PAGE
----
Galvan would be the first openly LGBTQ city councilmember in Philadelphia history.
Galvan would be the first openly LGBTQ city councilmember in Philadelphia history. Photos: Michael Galvan campaign site.

Michael Galván hopes to be the first openly-LGBTQ+ person elected to Philly City Council in 2023

Galvan made their announcement for a city council run during a picnic in Germantown on Aug. 28. They are the first Democrat to declare.


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Philly City Council election season is upon us, and the first to declare could make history if they are elected next November.

Michael Galván first announced their run for city council during a picnic in Germantown. They are the first Democrat to formally declare a run for 2023, and if elected, Galvan would be the first openly LGBTQ city councilmember in Philadelphia history. 

In the week since the announcement, AL DÍA had a chance to sit down with Galván and talk about their early bid.  

“It's been very exciting. A lot of things are moving in the right direction, getting good traffic on social media and the website,” they said. 

Galvan to run for city council.

Being Latinx in Texas

Born and raised in the suburbs of Dallas, Texas to Latino parents, Galván had an “interesting” upbringing in the conservative Lone Star state. Being Latinx in Texas opened their eyes to some of the abrasive and racist attitudes, tones, and comments that are made about LGBTQ+ individuals. 

“You hear stories, and read news articles about the conservative nature of Texas politics. It was just interesting, the racism and the subtlety of microaggressions. It was less micro aggressive, and more just flat out aggressive,” said Galván. “But I would say that shaped who I was very strongly today because I think that nobody should have to go through the upbringing that I went through.”

A lot of these experiences growing up is what in part made them want to pursue a life in public service. With the prevalent racism directed at them, combined with the horrible experiences that LGBTQ+ youth go through a lot of times with their identity and people not embracing them, hating them in certain instances, it made Galván want to help those that need it, but don’t get it. 

“I knew that I wanted to help people. That's really what I have done, are, and have wanted to continue to do,” they said. “I just knew that there are people out there that are going through similar things that I went through, and maybe not have access to the same resources that I was lucky to have access to.”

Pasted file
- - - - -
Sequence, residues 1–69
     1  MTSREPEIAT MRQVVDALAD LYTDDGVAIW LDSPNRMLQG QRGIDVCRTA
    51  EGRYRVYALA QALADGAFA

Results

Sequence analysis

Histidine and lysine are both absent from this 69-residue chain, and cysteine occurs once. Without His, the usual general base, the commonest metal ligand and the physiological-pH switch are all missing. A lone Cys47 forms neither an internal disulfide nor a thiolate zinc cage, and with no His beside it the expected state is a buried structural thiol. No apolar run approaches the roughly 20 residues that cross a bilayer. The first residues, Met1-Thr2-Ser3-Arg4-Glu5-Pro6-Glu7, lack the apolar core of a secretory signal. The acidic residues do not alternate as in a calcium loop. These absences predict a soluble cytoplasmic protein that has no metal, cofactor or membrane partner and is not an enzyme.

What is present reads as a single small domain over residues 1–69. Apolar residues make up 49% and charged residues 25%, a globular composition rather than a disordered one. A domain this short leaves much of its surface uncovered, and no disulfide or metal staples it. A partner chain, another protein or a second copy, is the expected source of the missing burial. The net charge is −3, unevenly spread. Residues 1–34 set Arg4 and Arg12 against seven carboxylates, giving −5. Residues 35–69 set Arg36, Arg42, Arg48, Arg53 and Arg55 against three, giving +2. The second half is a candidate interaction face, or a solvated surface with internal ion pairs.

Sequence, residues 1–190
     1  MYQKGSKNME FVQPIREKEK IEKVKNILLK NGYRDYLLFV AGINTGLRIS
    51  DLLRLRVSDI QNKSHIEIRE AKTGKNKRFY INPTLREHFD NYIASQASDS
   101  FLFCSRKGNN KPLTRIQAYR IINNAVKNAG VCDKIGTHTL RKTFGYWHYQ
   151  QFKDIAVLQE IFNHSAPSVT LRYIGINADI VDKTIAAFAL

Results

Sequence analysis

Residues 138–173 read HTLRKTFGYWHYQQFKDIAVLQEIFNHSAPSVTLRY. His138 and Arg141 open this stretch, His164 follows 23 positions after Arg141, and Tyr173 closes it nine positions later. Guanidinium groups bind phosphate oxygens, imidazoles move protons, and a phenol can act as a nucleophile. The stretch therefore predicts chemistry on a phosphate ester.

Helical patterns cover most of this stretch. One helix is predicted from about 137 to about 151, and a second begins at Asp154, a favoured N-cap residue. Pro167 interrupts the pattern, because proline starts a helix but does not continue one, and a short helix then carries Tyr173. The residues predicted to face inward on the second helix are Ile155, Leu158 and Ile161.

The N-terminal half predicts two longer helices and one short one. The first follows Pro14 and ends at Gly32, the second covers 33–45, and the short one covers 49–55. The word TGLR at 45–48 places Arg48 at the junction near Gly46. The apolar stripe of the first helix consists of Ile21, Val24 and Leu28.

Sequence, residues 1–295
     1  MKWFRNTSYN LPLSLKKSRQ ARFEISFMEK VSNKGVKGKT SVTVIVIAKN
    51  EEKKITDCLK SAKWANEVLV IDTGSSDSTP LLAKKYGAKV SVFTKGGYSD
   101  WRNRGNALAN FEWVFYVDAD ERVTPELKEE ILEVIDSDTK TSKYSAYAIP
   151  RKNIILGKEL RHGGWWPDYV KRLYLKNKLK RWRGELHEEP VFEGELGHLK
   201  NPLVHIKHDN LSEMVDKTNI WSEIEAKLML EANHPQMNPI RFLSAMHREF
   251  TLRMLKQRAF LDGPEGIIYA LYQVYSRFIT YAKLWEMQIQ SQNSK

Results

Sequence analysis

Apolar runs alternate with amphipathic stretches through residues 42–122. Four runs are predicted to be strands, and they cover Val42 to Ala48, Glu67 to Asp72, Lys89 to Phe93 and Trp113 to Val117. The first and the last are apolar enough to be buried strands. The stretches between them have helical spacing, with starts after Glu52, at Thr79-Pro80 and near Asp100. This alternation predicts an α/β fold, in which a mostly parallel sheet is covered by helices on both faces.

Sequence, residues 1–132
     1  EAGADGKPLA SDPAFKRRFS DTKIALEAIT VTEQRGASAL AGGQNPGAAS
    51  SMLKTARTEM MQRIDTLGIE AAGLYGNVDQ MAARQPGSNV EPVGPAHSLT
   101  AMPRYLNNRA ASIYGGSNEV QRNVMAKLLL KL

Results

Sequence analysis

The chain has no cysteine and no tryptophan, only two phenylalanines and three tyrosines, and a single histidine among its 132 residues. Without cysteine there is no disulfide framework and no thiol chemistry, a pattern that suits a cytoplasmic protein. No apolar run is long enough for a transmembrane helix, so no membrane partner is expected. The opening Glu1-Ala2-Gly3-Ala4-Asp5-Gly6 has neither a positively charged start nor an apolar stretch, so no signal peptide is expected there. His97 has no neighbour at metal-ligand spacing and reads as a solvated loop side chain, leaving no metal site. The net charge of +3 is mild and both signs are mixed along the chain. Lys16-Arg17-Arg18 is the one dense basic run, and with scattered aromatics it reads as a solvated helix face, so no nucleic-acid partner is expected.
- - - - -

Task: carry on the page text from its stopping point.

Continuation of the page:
This includes reinvesting in these same communities that have lost funding and helping those historically oppressed, marginalized, and denied basic human help. 

“There have been decades of disinvestment, and in effect in our communities. We know that some neighborhoods get better access to services than others. There's a long history of racist practices like redlining and discriminatory housing practices that have taken advantage of BIPOC communities,” said Galván. “It's past time for us to be having the conversation that we need to be solidly addressing those communities' needs and of Black and Brown communities as a whole. To have access to career pathways that are going to allow them to stay in their neighborhoods for as long as they desire.” 

They attended and graduated through the Texas public school and college system. Galván initially started out as a music major who dreamed of creating and designing their own music and shows for high school marching bands. They did not consider themselves to be political until they saw Barack Obama speak in 2008. From there, Galván switched majors to political science. 

After grad school, they got an internship working for Wendy Davis’ campaign, and got their foot in the door and on the ground with political activism and community organizing. 

Kenney to the campaign trail

In Philadelphia, Galván also worked as part of Mayor Jim Kenney’s administration under different circumstances. 

They first worked on the campaign as a Field Organizer and Deputy Policy Director before heading into city government as the Director of Education Policy. Following their time with Kenney, Galvan then moved into nonprofit work that includes as an Associate on Education and Workforce Policy and Strategy for the Philadelphia Youth Network, Executive Director and Policy Consultant for YouthBuild Pennsylvania Coalition, and as Policy Director for Breaktime. 

All of this has led up to this point, in which they now find themselves in what will be a wide-open race for city council. 

While it was not an easy decision to make, it was the right one for Galvan as they look to help people. 

Housing, growth and communities